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Interview of Reo WILDE (USA): "I hope that I will be considered to have been one of the greatest in a sport I love"

The American won the very first Archery World Cup Final in 2006. In 2009, he became World Champion in Ulsan, Korea, 12 years after his famous father Dee WILDE. He is also a multiple outdoor team world champion and has held numerous world records… And this is not counting his multiple titles in indoor archery.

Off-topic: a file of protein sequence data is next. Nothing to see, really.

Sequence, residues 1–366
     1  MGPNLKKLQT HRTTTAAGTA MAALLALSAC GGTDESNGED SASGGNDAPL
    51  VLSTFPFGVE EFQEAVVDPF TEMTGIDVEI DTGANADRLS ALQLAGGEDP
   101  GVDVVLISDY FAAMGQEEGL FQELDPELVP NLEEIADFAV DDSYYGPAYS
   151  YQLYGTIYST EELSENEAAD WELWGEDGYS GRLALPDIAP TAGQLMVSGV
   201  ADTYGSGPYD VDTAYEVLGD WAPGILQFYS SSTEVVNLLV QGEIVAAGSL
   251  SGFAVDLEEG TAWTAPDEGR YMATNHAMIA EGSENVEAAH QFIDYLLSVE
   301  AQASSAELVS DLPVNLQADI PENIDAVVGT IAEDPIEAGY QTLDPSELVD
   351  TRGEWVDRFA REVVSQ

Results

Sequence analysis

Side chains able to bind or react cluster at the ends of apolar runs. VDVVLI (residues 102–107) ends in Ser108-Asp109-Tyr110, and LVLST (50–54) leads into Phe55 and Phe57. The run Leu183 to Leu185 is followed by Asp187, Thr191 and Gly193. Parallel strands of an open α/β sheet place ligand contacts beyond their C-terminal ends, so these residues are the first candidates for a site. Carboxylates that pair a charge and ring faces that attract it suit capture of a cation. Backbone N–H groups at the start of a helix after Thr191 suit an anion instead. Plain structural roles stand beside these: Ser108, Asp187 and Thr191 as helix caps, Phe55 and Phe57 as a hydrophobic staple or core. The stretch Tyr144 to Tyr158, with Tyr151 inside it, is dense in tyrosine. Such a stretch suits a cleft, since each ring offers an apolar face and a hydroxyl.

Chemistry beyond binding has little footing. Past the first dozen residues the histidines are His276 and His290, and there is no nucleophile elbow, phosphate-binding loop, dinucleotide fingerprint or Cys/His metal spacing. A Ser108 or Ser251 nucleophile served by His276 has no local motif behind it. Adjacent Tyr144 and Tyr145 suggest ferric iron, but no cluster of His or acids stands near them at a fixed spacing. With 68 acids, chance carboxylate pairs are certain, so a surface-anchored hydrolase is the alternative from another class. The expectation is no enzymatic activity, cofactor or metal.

Individual and team world champion 2009 Reo WILDE from the USA won the very first Archery World Cup Final in 2006. In 2009, he became World Champion in Ulsan, Korea, 12 years after his famous father, Dee WILDE, earned the same title. The experienced American archer is also a multiple outdoor team world champion (2003, 2007, 2009, 2011) and has held the world record numerous times… And this is not counting his multiple titles and feats in indoor archery. One of today’s best compound archers in the world, Reo WILDE comes from a family with a strong tradition of archery. It all started when Dee WILDE found a bow as a kid, and started playing around with it, chasing anything he could. In 1985 Dee introduced his eldest son Reo, then aged 12, to archery. Because Reo played many sports while growing up, he was not very serious about archery initially. In a WIN&WIN Fan Reporter feature story on during the Istanbul World Cup Final, his father remembers that "Reo’s buddies were giving him a bad time because they were beating him. My wife said: 'Are you going to help him?' I replied, 'When he asks, I will help him.' That was in 1992." The following year, in 1993 in Vegas, Reo won the open division, and Dee won the pro division. In 2003, Reo, Dee and Reo’s younger brother Logan all tried to earn a place on the US team for the World Championships in New York City. At the trials, Dee finished as the top qualifier, immediately followed by his son Reo. Logan, however, did not succeed in securing a position on the team at that time. Together with Dave COUSINS and Braden GELLENTHIEN, Dee and Reo won the gold medal in the Team event in New York. "I get just as nervous when they shoot than when I do, and maybe more so," confesses Dee. The WILDEs insist that the competitive side of archery does not break their strong family ties. On the contrary, they consider these family ties their key to success in the sport. "Not very often do you get the opportunity for father and son, in any sport, to compete together," says Dee of this unique experience. "The best part of being involved in archery with my sons is the fact that I get to share things with them. I get to see the things that they are going through, I’ve experienced them and I know those feelings, both the wins and the losses." Following Reo WILDE’s 2006 victory in the inaugural World Cup Final in Mexico, he was named Athlete of the Year by the United States Olympic Committee (USOC) and won the USOC Athlete of the Month award in October. The American archer won the individual and team title at the World Archery Championships 2009 in Ulsan, Korea. In 2011, he started the World Cup season with two wins (team and mixed team) at Stage 1 in Croatia, breaking the 50m Round (72 arrows) world record with 711 points in qualifications. Besides competing in national and international tournaments, Reo WILDE provides archery group seminars throughout the year. He also organises individual training sessions specialising in three main areas: bow setup, shot sequence, and building confidence. Although Reo WILDE is a funded member of the Pro Team at Hoyt, he has worked for UPS for seventeen years: He uses all of his vacation time for archery events. Because an archer’s salary is only earned through victories, Reo maintains his career outside of sport to ensure consistent income and security for his wife and two young children. Reo and Dee WILDE congratulate World Cup winner Rodger WILLET Jr. In September 2011, Reo WILDE bought his father a plane ticket to Istanbul to attend the World Cup Final. Though Reo did not take the gold medal at this event, his father said he is just as proud. We met Reo following the World Cup Final and asked him about archery in general, his archery career and his famous archery family. What was the highlight of your career? Probably winning the World Cup Final in 2006, with my wife attending. It was our first tournament together. Before that she didn’t realise how big an event it was. How do you see your career compared to that of the greatest archers in history, including your father? I feel I have had a good career so far, but it is always an honour to be mentioned with the Greats in your sport, including my father. I just hope when I finish that I will be considered to have been one of the greatest in a sport I love. By the time you finish your career, who do you think will be the greatest archer of all time? I hope when I decide to put my bow down that I would be considered the best. That is what drives me to keep shooting and trying to win, to shoot the best scores ever shot. What did your father bring you, archery-wise? He got me into archery which is the best thing he could do. He also gave me instructions and guidelines to help me get to where I want to go in the sport. He’s always going to do the best thing for you, and nothing else. How is it like to compete against your father and brother? It's fun because for the times we face each other in head-to-head matches, I always want to win, but you don't feel so bad when you lose. It's also great to have a person to push you to do well on the field. We have such a great relationship that it is just fun. My brother and I get along really well. Between competitions we practice archery together in my parents’ backyard. It is really nice to shoot together. The best part is when he makes teams, that’s a good roommate. What do you think of the 50 metres distance? I think it doesn't give as big of gap from top shooters to the lower guys. This makes everyone have a chance to win. So this has its pluses and minuses, but if it gets my bow in the Olympic Games though, it will be worth it. Passing the baton to Christopher PERKINS And what about the fact that the 19-year old Christopher PERKINS (CAN) won the gold medal in Turin? I wished it was me but he shot great. He is a good guy and I was happy for him. The age never really has made a big difference in our sport. Dietmar TRILLUS won a few years back and he was older. So it's just not a big deal. What do you think about the cadet world record (under 17) being already at 149 points? It's no surprise. 50m doesn't really have that big of effect like the longer distances did. The speed from longer draw length and more pounds just doesn't have any bearing anymore. How do you see the next indoor season: World Cup (Singapore, Nimes, Vegas) and the World Championships on home turf in Vegas? I'm really excited. I love indoors and having won two World Indoor Championships it would be the best to win one in the US. Vegas is fun, and having fans here see a fellow American win is what would make it the best. I will be doing all the Indoor World Cups this year. It will be my first time in Singapore, it should be a great shot. As for the other two shoots, they are great events and I love to shoot both. Then to top it off, winning the Indoor World Cup again would be great. I'm just really excited to get back at it and I see it as a great start to the year. Best Results: Reo WILDE (USA) – Born 6 October 1973 1st 1st 1st 1st 1st 1st 1st 1st 1st 1st 1st 1st 1st 1st 1st Individual Team Team Mixed Team Team Team Team Team Team Individual Team Individual Team Individual Team World Championships World Championships World Cup Porec World Cup Porec World Cup Ogden World Cup Porec World Cup Santo Domingo World Cup Santo Domingo World Cup Varese World Cup Final Merida World Cup Shanghai World Cup Porec World Cup Porec World Indoor Championships World Indoor Championships 2009 2003, 2007, 2009, 2011 2011 2011 2010 2010 2009 2008 2007 2006 2006 2006 2006 2003, 2005 2003, 2005, 2007 More information on Reo WILDE is available on as well as his own webpage and Facebook page. Vanahé ANTILLE World Archery Communication